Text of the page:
THE ORANGE GLOW OF VICTORY - BY KASSIDY HILL ONE NIGHT A YEAR, THE ALABAMA CRIMSON TIDE AND THEIR FANS ANTICIPATE VICTORY WITH CIGARS AT THE READY. There’s a perpetual fog that hangs over Tuscaloosa well into the night, its nucleus Bryant-Denny Stadium and its sweet scent evidence of one thing: a win over Tennessee.

them onto the plane or bring them to the stadium,” explained McCarron.

“It’s a great week for us,” laughed owner Reagan Starner.

“I’d have an equipment guy take them for me and have them ready with the lighters and the cutters and everything that we needed for them and then after the game, everybody would come to my locker and we’d pass them out and start taking pictures.”

“We meet a lot of new people; it’s awesome for the city…it’s basically a chance for us to show what we do here. So you know it’s good for us, it’s good for our industry because it’s a chance for people to see what cigars are really about and not just what they hear.”

Being a veteran means more than just providing the equipment, though; it also means providing a bit of direction.

Starner explains that the Alabama-Tennessee tradition is one of the best examples the cigar industry has of what the product should represent in society. “It really underscores the message that we preach to Congress and the FDA about how cigars are celebratory, non-addictive, relaxing things that are occasional and this really underscores the celebratory nature of them because it’s one time a year that people are smoking it… It’s the one time of year where people smoke cigars in Tuscaloosa who never smoke cigars.”

When it comes to college football, Alabama only truly celebrates victories that are played in the postseason and rewarded with trophies. A simple win isn’t enough; they require perfection. But, for nearly 60 years now, the Alabama Crimson Tide — and, at times, the Tennessee Volunteers — have set aside coach talk about every game being the same and treated “The Third Saturday in October” with the respect a long, bitter rivalry deserves; the winner is treated to the spoils of victory. For the past decade, that winner has been the Crimson Tide and they’ve become accustomed to their postgame celebration. In the 1960s, legendary head coach Paul “Bear” Bryant and his head athletic trainer Jim Goostree began allowing their players to properly celebrate a win over the hated Volunteers (both Bryant and Goostree often and adamantly admitted to the Vols being the program they despised the most). Some games have trophies or boots or other strangely significant mementos, but the Tide coach and trainer felt the team should revel in their accomplishment with cigars, the souvenir most closely related to a celebratory nature. It wasn’t long before a tradition took hold and the animosity between the two teams was used as an extra spark to light up the postgame cigars. “I think if I had to choose one team that I just couldn’t stand a whole lot it was Tennessee,” said former Tide quarterback, and current Cincinnati Bengal, A.J. McCarron. For a long time it was the coaches and staff who provided the post-game cigars, but the NCAA deemed this an “extra benefit” so the responsibility fell to the players themselves (Alabama self-reports it each year after a win as a secondary violation). As quarterback and de facto leader of the team, it was McCarron’s job to “take care of” the cigars. “I bought them every year, so all three years that I started… I used to go the week of and just put them in my bag, in my duffel bag and just carry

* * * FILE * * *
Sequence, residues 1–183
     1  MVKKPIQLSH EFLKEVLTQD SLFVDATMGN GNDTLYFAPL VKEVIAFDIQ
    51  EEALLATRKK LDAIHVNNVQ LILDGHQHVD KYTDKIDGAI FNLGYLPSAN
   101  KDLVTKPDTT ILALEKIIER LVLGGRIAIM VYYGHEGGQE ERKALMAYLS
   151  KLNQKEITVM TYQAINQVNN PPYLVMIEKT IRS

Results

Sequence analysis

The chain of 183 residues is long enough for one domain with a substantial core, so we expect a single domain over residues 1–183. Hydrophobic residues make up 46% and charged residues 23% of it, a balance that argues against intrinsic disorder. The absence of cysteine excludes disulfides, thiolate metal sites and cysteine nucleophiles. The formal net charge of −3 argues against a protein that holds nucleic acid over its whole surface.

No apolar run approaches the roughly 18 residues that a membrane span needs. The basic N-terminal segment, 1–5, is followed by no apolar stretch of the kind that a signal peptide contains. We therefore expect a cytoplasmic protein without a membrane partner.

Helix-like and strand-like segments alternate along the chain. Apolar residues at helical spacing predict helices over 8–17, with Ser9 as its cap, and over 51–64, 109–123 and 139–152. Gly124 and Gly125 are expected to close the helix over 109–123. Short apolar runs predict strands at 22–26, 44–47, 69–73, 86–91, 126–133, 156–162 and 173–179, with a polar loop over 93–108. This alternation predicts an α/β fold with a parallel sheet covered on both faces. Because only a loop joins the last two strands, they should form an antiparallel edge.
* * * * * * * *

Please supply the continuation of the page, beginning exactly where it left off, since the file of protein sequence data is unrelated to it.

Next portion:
PHOTO CREDIT: © John David Mercer-USA TODAY Sports

Capitalizing on the excitement surrounding the week, Starner and his company tailor their inventory around the game every year, letting different brands take center stage each new season. One year it was Hammer + Sickle, while another year Bill Paley visited T-town for the game weekend to introduce fans to La Palina. Another year, Starner himself presented a brand that became a go-to in the locker room.

A.J. McCarron celebrates with a Project 805

As current Bama linebacker Shaun Dion Hamilton told reporters before the 2016 Tennessee game, “Somebody had to show me. I didn’t really know how to do it. That was my first ever one. And honestly, that’s something I will remember for the rest of my life and hopefully I get to do it again.” When the games are in Knoxville, the merriment becomes even more enjoyable. “Being able to smoke there in their locker room and being able to go out on the field, Coach would always say ‘hey let’s try not to go out on the field’ but we would always go out on the field and take pictures of the scoreboard if they still had it up and everything so I think it’s definitely sweeter,” reminisced McCarron. But it’s back in Tuscaloosa that the ritual has truly flourished. R&R’s Cigars, the town’s lone cigar shop, has found a niche market among Tide fans since opening in 2012.